WASHINGTON, D.C., September 30, 2019—The World Bank Board of Executive Directors approved US$12 million in additional financing for the Ulaanbaatar Clean Air Project (UBCAP).
The project aims to help Ulaanbaatar’s ger area residents access cleaner heating appliances, scale up the efficiency of household energy use, and support measures to reduce levels of particulate matter in the air.
Ulaanbaatar is among the most polluted cities in the world. About half of its 1.4 million residents live in informal ger areas without access to district heating. To keep warm in winter, residents rely mainly on stoves and low-pressure boilers burning coal and wood — one of the leading causes for high levels of air pollution in winter and smog-induced public health problems.
The UBCAP was first approved in April 2012 with a total of US$15 million in financing to help ger area residents gain access to heating appliances that produce less particulate matter emissions and to develop measures to reduce particulate matter in Ulaanbaatar in coordination with development partners. The project distributed more than 40,000 clean stoves between 2013 and 2015. A pilot program on residential energy efficiency improvement financed under UBCAP supported 472 residential houses in ger neighborhoods and 12 government buildings.
The additional financing approved today will complement past and ongoing efforts by the government and development partners to reduce air pollution. Specifically, the project will fund procurement of electric heating appliances, replacement of selected heat-only-boilers, and scale up the residential energy efficiency improvement program. It will also continue supporting the government in strengthening regulations and their enforcement on clean heating. These activities are expected to help 5,000 more households access electric heating appliances with an estimated reduction in GHG emissions of 22,615 tons per year.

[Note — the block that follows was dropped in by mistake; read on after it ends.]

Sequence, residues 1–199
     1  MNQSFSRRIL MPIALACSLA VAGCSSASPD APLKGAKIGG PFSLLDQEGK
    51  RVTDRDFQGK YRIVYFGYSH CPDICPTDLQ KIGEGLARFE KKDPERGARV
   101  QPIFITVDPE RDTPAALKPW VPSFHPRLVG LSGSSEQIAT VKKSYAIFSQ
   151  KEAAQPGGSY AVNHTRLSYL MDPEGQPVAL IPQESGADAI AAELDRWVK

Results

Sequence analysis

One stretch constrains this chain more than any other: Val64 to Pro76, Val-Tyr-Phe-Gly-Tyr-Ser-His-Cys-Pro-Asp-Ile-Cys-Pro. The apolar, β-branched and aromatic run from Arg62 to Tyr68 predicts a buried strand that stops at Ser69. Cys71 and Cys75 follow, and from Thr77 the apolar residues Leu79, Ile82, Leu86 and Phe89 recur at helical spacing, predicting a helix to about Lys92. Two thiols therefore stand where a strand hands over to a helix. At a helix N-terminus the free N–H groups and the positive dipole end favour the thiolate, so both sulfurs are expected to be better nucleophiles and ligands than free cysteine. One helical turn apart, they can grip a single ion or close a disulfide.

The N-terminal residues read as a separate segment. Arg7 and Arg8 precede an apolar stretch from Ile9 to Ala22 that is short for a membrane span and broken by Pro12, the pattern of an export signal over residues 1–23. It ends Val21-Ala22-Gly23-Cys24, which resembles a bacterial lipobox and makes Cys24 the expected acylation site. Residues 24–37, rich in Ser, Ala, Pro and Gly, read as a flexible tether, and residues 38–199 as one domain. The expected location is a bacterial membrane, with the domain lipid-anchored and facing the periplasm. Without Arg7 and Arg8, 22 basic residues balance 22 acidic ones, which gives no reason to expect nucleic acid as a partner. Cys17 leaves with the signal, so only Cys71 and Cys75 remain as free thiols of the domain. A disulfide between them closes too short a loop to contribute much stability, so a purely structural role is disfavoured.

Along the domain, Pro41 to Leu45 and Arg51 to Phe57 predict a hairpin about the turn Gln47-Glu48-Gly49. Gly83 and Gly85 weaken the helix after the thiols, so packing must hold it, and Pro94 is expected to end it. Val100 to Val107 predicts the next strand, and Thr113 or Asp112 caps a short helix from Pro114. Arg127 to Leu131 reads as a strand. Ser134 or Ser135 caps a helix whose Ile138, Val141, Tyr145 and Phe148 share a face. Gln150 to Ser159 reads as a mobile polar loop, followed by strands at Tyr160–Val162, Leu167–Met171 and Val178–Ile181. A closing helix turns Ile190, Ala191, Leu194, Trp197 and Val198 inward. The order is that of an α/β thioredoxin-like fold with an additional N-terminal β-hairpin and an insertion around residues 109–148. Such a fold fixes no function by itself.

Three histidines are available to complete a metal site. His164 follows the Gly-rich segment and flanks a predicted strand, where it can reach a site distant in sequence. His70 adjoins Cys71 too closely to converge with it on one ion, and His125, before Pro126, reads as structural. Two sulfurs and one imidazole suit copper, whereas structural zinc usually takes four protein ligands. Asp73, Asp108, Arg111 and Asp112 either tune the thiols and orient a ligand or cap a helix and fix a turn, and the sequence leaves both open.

“Ulaanbaatar’s air quality challenges cannot be solved with one single solution: multiple abatement measures need to be pursued simultaneously in the short-to-medium term. One such measure is the access to clean and energy efficient heating appliances, which is crucial to the well-being of the most vulnerable residents of Ulaanbaatar,” said Andrei Mikhnev, World Bank Country Manager for Mongolia. “Through this project we are delighted to expand our support to Mongolia to help address these challenges.”
A new component added under the additional financing is a demonstration program on electric heating with thermal storage. The component will introduce heaters that can store surplus electricity produced during winter nights from combined heat and power plants and wind farms and use it back for clean heating for the entire day. Combined with energy efficiency measures, experiences and lessons learned will inform the design of the government’s electric heating program, which aims to provide electric heating for more than 40,000 ger households.
The Bank is also supporting the government to develop a broader program to tackle air pollution in the longer-term, including rehabilitation and expansion of the district heating network, scaling up decentralized clean heating solutions and building energy efficiency in ger areas.